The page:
ACL Ten Best 1943 - General Class
"Paracutin, by Ralph E. Gray, is probably the most complete and accurate record of Mexico's new world wonder yet to be produced on 16mm. film, even possibly in the 35mm. medium. Mr. Gray, long one of Mexico's most devoted American friends, was on the scene soon after the eruption broke out in a peasant's cornfield, and he has made four further trips to record changes and progress in the volcano's life. His superbly filmed footage presents the dramatic subject from every available viewpoint — even to seemingly dangerous closeups of the fiery rim — but it has been edited and is presented in strictly accurate chronological order. Human interest scenes of the effect of the giant cauldron on native life are plentiful and appealing, even to a striking sequence of the heavy dust deposits along the streets of Uruapan, more than thirty miles from the eruption. Paracutin is today a dramatic study of beauty and power; it should prove in the future to be a unique and valuable scientific record." Movie Makers, Dec. 1943, 474.
Some Movie Makers references to this film list its title as Paracutin, though the proper spelling is Parícutin. The film was available in the ACL's Club Film Library.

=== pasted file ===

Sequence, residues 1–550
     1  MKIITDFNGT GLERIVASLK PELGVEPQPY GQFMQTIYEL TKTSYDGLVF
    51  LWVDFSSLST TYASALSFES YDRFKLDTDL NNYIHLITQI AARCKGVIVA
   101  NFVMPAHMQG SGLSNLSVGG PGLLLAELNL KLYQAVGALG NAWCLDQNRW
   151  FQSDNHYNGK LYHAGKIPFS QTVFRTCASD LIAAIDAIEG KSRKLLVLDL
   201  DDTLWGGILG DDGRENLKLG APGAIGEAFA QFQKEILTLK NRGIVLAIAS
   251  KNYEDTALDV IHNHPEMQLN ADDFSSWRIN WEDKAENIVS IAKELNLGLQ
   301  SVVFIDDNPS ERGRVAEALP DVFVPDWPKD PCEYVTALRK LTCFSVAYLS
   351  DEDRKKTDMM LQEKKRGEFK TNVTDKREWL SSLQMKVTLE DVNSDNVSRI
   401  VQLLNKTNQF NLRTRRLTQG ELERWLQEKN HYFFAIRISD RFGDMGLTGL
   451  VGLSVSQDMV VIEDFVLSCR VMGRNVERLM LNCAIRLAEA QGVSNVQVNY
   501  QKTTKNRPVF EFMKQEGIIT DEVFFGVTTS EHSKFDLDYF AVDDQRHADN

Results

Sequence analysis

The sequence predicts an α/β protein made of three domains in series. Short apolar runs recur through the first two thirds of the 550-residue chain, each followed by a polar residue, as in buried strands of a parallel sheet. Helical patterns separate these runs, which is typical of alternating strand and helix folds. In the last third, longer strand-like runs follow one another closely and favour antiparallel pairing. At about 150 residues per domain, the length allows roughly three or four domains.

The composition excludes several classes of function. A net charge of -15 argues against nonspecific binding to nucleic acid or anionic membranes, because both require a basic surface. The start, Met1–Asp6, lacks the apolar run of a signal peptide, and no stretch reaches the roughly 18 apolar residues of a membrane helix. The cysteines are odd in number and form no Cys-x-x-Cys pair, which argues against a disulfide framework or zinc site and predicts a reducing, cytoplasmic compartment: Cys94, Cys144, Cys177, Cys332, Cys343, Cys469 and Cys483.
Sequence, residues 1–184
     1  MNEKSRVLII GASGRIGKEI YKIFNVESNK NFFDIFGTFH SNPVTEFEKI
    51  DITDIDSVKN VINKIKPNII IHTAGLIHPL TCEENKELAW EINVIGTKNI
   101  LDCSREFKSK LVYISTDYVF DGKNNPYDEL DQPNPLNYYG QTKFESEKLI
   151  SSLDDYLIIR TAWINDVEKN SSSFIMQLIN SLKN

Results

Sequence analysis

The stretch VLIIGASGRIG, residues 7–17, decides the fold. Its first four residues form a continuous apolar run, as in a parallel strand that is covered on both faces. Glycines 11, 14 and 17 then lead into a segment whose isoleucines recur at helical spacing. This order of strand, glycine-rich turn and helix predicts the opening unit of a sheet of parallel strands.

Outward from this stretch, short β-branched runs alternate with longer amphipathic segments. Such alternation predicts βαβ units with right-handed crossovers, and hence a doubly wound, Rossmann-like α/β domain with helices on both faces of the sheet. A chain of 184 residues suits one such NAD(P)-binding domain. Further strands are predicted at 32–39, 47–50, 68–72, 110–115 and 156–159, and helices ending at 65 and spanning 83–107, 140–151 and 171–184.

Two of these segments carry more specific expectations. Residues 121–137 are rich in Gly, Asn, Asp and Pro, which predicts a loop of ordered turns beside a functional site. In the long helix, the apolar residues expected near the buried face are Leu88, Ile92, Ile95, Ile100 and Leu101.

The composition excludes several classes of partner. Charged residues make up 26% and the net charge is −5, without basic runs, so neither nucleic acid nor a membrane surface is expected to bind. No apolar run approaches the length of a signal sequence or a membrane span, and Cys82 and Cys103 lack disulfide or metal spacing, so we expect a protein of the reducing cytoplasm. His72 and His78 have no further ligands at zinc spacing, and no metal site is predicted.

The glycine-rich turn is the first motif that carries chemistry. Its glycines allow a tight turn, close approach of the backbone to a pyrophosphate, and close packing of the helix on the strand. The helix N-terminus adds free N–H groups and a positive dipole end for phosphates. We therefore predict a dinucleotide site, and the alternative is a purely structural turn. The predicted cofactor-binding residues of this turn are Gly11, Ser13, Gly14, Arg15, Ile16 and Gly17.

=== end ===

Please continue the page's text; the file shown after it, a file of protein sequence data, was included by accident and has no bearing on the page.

Discussed by Gray in "The New Volcano" (Movie Makers, Nov. 1943, 414, 425), and "Filming the Birth of a New Volcano" (Home Movies, July 1946, 392-393, 430-432). Also mentioned in "Closeups" (Movie Makers, Sept. 1943, 350).
The film was purchased by a company that gave it a national distribution in Technicolor, ca. 1944 (Movie Makers, July 1944, 284).
Footage from this film is included in the video link offered via The Field Museum of Natural History Library. This is a re-edited version of the 1943 film, which includes additional footage of the volcano shot in the years following.
The Field Museum of Natural History Library
"Paricutin, 400 feet 16mm. Kodachrome silent, is the only complete 16mm. motion picture record of the growth of Mexico's modern volcano. Filmed by Ralph E. Gray, P.S A., subject comprises the best footage of six filming expeditions to site of the volcano since its birth in a peasant's cornfield. Included is every possible kind of camera shot affording a comprehensive study of volcanic eruption and the manner in which a volcano grows, plus scenes of the havoc wrought on vegetation and habitation in the immediate vicinity. Picture is a must for educational libraries and geographic study groups." Home Movies, Feb. 1946, 88.